During ketamine administration, subjects experience emotional blunting, which may be associated with reduced limbic responses to emotional stimuli.54,55 It is possible that by decreasing the activity of deep limbic structures (thought to be involved in the pathophysiology of depression, such as the amygdala), ketamine acutely disables the emotional resources required to perpetuate the symptoms of depression. (Abel KM, Allin MP, Kucharska-Pietura K, et al. Ketamine and fMRI BOLD signal: distinguishing between effects mediated by change in blood flow versus change in cognitive state. Hum Brain Mapp 2003;18:135–45. Ketamine and fMRI BOLD signal Distinguishing between effects mediated by change in blood flow versus change in cognitive state|||| Abel KM, Allin MP, Kucharska-Pietura K, et al. Ketamine alters neural processing of facial emotion recognition in healthy men: an fMRI study. Neuroreport 2003;14:387–91 Ketamine alters neural processing of facial emotion recognition in healthy men an fMRI study.)

Ketamine may play a role in reactivating reward areas of the brain in patients with MDD. This reactivation may be especially important, as reward areas in MDD have been characterized by decreased subcortical and limbic activity and by an increased cortical response to reward paradigms. (Zhang WN, Chang SH, Guo LY, Zhang KL, Wang J. The neural correlates of reward-related processing in major depressive disorder: a meta-analysis of functional magnetic resonance imaging studies. J Affect Disord 2013;151:531–9.)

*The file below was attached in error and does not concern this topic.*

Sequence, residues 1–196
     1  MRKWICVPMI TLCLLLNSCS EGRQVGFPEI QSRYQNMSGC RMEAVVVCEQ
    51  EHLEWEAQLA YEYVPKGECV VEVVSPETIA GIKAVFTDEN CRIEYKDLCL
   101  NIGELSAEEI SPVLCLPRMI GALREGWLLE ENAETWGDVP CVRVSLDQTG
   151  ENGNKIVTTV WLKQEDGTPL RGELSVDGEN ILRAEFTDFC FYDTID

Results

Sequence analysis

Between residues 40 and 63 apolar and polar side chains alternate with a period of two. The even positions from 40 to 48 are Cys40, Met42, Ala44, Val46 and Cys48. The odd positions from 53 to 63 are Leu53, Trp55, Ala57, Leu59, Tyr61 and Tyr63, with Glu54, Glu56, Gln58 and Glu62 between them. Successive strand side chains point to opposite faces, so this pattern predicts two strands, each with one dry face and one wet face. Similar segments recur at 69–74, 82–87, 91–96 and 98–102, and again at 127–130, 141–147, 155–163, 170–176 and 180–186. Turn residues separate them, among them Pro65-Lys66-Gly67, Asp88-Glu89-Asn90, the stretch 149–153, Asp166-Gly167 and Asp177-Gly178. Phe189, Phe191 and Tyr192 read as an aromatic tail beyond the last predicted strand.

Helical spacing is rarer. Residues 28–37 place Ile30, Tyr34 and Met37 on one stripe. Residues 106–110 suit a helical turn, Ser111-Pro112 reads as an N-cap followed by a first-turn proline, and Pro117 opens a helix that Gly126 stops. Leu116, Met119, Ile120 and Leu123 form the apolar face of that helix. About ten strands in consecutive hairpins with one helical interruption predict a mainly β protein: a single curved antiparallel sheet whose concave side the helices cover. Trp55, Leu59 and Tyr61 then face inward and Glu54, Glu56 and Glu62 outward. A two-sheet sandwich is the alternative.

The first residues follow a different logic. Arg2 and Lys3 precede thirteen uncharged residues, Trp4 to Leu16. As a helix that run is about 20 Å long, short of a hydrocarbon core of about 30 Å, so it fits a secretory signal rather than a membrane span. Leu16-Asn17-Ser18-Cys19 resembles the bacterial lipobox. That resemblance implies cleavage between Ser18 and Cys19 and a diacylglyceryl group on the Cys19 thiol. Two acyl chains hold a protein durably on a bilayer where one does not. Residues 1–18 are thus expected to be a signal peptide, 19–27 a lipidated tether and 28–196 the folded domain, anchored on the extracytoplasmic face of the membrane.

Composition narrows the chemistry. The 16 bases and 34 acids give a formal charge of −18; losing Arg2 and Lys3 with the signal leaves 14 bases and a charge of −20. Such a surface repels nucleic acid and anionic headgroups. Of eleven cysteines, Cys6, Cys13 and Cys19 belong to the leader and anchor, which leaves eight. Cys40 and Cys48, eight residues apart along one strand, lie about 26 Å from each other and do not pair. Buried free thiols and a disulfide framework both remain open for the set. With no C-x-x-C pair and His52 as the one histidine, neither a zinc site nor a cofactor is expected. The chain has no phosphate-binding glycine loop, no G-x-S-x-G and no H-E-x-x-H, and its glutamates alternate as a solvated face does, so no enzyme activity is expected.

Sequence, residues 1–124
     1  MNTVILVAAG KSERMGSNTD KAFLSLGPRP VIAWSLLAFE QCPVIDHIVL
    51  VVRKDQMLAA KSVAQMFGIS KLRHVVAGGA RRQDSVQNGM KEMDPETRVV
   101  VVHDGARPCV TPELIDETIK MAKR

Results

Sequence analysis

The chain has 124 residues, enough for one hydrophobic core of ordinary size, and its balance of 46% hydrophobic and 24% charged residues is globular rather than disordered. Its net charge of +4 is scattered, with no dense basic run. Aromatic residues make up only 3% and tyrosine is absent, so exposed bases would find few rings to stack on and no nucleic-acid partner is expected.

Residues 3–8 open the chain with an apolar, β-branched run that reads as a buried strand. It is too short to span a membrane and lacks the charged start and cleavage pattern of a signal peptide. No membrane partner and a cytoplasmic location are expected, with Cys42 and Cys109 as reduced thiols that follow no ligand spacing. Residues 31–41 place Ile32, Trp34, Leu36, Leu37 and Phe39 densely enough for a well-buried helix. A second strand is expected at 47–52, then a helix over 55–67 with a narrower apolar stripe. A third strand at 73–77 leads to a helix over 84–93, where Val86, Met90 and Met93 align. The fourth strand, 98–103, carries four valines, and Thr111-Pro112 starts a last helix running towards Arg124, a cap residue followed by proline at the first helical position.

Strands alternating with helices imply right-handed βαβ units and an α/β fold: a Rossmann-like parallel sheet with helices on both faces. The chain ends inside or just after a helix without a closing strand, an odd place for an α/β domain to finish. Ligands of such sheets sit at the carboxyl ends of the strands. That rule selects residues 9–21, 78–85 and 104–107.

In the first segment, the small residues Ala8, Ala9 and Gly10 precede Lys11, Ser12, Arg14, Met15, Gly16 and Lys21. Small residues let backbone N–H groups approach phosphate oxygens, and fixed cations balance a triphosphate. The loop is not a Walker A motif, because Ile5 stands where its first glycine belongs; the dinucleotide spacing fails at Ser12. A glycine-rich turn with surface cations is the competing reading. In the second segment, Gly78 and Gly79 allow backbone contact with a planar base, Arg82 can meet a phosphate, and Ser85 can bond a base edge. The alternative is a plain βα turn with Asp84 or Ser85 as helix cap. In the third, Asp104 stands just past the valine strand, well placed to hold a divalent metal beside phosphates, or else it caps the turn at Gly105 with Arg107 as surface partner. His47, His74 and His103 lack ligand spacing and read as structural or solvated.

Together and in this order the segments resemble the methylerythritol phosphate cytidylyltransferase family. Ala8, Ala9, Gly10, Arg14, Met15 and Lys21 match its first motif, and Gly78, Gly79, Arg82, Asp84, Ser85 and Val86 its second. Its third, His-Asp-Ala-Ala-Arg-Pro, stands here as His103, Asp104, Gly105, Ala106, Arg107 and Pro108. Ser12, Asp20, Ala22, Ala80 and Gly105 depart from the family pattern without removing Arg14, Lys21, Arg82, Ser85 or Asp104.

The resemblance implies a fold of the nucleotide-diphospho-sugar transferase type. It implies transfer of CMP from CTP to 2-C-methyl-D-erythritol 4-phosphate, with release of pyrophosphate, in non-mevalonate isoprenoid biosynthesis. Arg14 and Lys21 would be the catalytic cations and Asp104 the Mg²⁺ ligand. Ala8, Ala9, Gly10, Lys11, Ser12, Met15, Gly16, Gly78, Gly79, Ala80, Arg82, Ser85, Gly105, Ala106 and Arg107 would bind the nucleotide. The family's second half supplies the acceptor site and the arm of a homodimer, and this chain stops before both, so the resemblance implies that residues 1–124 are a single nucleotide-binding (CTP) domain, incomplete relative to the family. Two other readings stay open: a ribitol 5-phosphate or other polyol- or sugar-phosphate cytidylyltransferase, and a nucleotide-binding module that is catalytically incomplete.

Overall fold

In resting-state scans, BOLD activation in the cingulate gyrus, hippocampus, insula, thalamus, and midbrain increased after ketamine.( Stone J, Kotoula V, Dietrich C, De Simoni S, Krystal JH, Mehta MA. Perceptual distortions and delusional thinking following ketamine administration are related to increased pharmacological MRI signal changes in the parietal lobe. J Psychopharmacol 2015;29:1025–8.Perceptual distortions and delusional thinking following ketamine administration are related to increased pharmacological MRI signal changes in the parietal lobe)

In addition, ketamine increases neural activation in the bilateral MCC, ACC, and insula, as well as the right thalamus.  Activation of these areas is consistent with activation of reward-processing areas, suggesting that ketamine may play a role in activating reward neurocircuitry. (Hoflich A, Hahn A, Kublbock M, et al. Ketamine-dependent neuronal activation in healthy volunteers. Brain Struct Funct 2017;222:1533–42.)

Though no single brain area has been singled out as the locus of depression, ketamine affects different areas of the brain in various ways, which may contribute to overall mood improvements. For example, at baseline, patients with MDD, compared to healthy volunteers, had reduced global connectivity in the PFC and increased connectivity in the posterior cingulate, precuneus, lingual gyrus, and cerebellum; postketamine, responders had increased connectivity in the lateral PFC, caudate, and insula. (Abdallah CG, Averill LA, Collins KA, et al. Ketamine treatment and global brain connectivity in major depression. Neuropsychopharmacology 2017;42:1210–9.Ketamine Treatment and Global Brain Connectivity in Major Depression.)